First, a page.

Front cover image for Eight setbacks that can make a child a success : what to do and what to say to turn "failures" into character-building moments

Eight setbacks that can make a child a success : what to do and what to say to turn "failures" into character-building moments

Michelle Icard (Author)
"Every child messes up, sometimes in ways that seem sure to wreck their futures: a bad report card, poor sportsmanship, underaged drinking. These are tough moments for parent and child alike, often complicated by the fear that the misstep is also an indictment of our parenting. But what each of these "fails" has in common for our kids is the precious silver lining of a chance for character building and developing more grit-if we help them process their mistake well. An invaluable playbook for anxious parents everywhere, Eight Setbacks That Can Make a Child a Success offers specific and unexpected advice about what to say, what not to say, and what to do to help children in eight categories of tense situations. Distilled from Michelle Icard's decades of experience working with tweens, teenagers, and families, it also introduces her signature three-step approach to any kind of failure: Contain: Affirm your child, gather the facts, and control the narrative. Resolve: Explain what went wrong, define clear consequences, teach them to apologize well, and develop a plan to rebuild trust. Evolve: Reaffirm and re-expand their rights, and establish rewards for good behaviors. With empathy, insight, and optimism, Michelle Icard's advice ensures that a child's mistake or rebellion doesn't become the headline of their childhood, but instead becomes a launch pad to a better future"-- Provided by publisher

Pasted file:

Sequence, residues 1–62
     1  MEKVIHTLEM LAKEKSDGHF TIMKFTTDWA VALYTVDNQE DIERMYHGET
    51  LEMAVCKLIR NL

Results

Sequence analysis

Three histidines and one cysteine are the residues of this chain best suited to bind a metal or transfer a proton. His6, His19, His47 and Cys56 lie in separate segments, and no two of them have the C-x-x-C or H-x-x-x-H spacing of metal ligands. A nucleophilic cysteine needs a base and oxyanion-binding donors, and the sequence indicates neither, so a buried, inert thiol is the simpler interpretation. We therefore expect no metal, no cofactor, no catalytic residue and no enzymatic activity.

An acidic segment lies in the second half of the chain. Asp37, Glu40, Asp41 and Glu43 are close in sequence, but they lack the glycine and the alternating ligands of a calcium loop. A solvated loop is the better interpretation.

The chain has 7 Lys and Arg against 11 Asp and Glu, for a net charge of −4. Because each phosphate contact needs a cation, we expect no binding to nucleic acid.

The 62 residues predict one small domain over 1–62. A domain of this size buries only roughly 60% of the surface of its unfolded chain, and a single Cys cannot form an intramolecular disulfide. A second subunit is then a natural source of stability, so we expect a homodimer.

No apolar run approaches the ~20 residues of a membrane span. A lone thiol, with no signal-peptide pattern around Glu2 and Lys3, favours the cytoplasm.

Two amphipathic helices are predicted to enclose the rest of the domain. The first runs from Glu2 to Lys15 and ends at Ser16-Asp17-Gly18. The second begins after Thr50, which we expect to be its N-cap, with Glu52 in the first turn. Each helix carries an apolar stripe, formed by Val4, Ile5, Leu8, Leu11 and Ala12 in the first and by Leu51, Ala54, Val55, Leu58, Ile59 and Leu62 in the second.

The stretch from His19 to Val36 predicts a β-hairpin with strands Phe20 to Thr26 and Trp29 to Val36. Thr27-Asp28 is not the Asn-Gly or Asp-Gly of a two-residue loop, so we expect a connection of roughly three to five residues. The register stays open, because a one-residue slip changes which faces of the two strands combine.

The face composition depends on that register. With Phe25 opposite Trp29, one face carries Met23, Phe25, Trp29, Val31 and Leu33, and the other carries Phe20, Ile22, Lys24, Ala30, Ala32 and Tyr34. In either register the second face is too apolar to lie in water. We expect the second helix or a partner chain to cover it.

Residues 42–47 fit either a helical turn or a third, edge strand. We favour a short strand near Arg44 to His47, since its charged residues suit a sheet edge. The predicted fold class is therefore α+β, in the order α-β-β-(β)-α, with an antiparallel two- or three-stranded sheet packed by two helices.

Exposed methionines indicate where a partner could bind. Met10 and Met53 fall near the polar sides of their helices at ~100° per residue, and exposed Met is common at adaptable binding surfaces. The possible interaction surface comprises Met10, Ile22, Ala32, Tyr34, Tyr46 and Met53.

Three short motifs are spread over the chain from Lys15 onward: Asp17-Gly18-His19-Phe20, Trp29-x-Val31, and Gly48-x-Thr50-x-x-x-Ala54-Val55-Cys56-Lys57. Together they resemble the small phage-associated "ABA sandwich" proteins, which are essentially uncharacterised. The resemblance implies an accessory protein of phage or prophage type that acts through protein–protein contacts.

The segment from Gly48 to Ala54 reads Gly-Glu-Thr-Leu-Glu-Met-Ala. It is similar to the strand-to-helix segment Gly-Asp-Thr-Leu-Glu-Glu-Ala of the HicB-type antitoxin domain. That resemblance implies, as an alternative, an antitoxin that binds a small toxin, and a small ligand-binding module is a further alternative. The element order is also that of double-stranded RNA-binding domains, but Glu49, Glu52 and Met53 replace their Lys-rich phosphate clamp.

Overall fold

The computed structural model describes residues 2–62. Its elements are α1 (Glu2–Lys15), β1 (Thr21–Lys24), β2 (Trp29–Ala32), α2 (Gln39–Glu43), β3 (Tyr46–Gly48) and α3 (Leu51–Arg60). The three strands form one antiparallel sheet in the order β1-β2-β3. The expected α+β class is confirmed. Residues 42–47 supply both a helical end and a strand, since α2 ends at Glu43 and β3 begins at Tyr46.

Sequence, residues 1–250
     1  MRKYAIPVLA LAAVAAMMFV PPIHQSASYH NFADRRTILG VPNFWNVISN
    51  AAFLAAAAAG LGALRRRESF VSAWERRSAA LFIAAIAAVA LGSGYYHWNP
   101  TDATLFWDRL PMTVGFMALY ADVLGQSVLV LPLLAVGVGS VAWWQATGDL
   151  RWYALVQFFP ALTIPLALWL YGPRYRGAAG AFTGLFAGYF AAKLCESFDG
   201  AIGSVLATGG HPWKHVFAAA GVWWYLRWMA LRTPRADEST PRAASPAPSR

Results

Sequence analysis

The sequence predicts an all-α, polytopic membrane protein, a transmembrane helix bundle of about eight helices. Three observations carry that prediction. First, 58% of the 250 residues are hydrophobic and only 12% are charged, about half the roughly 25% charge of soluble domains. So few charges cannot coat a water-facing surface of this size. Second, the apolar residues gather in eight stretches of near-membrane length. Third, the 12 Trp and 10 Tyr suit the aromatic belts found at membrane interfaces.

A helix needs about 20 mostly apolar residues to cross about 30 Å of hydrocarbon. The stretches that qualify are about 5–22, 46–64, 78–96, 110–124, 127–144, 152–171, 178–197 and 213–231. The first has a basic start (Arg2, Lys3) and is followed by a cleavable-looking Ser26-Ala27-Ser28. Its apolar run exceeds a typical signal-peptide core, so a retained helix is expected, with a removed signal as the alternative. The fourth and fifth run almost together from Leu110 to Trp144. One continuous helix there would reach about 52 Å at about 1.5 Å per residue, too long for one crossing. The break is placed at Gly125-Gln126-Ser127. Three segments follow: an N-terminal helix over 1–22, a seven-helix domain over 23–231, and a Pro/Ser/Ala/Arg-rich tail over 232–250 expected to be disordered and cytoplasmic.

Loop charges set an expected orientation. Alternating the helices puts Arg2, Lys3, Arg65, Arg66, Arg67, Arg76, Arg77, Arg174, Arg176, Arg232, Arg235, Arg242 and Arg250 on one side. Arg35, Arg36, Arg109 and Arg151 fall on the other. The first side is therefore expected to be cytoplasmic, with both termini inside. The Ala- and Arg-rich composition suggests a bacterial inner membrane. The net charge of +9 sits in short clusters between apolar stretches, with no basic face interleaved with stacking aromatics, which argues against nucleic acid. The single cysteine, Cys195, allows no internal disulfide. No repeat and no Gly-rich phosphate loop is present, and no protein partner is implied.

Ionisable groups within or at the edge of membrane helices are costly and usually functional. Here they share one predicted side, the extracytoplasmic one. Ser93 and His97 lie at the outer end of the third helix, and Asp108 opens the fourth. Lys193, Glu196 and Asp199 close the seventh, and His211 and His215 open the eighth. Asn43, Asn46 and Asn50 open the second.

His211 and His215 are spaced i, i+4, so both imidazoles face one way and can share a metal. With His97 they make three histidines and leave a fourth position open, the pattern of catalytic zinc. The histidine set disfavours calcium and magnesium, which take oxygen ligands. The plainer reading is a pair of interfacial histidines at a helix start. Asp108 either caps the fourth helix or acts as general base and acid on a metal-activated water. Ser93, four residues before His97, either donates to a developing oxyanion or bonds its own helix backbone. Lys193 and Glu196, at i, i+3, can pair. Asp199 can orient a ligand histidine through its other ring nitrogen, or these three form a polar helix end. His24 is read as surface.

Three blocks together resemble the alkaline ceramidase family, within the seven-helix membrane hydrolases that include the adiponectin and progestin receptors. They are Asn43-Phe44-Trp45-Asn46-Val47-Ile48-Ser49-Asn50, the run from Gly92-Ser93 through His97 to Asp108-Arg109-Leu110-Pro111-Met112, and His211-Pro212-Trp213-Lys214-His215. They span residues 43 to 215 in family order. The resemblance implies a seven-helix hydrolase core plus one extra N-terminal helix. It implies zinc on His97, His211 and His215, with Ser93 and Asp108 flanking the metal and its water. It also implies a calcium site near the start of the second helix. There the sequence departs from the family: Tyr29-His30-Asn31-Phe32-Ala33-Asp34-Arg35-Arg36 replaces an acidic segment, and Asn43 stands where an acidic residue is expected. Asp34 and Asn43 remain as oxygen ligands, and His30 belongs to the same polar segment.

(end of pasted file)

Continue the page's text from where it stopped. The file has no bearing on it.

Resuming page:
Print Book, English, 2023
First edition View all formats and editions
Rodale, New York, 2023
xxii, 265 pages : illustration ; 24 cm.
9780593578667, 059357866X
Part I. Getting comfortable with failure
Understanding failure and how it functions ; How communities benefit from letting children fail ; Keeping children safe as they take more risks (featuring your child's bill of rights) ; Preparing yourself for what's ahead ; Three steps to overcoming failure ; Part II. Eight archetypal failures
Failure to follow the rules: the rebel ; Failure to take care of their body: the daredevil ; Failure to perform well in school: the misfit ; Failure to show concern for others: the ego ; Failure to connect with peers: the loner ; Failure to handle their feelings: the sensitive one ; Failure to get along with their family: the black sheep ; Failure to believe in oneself: the benchwarmer ; Being there for each other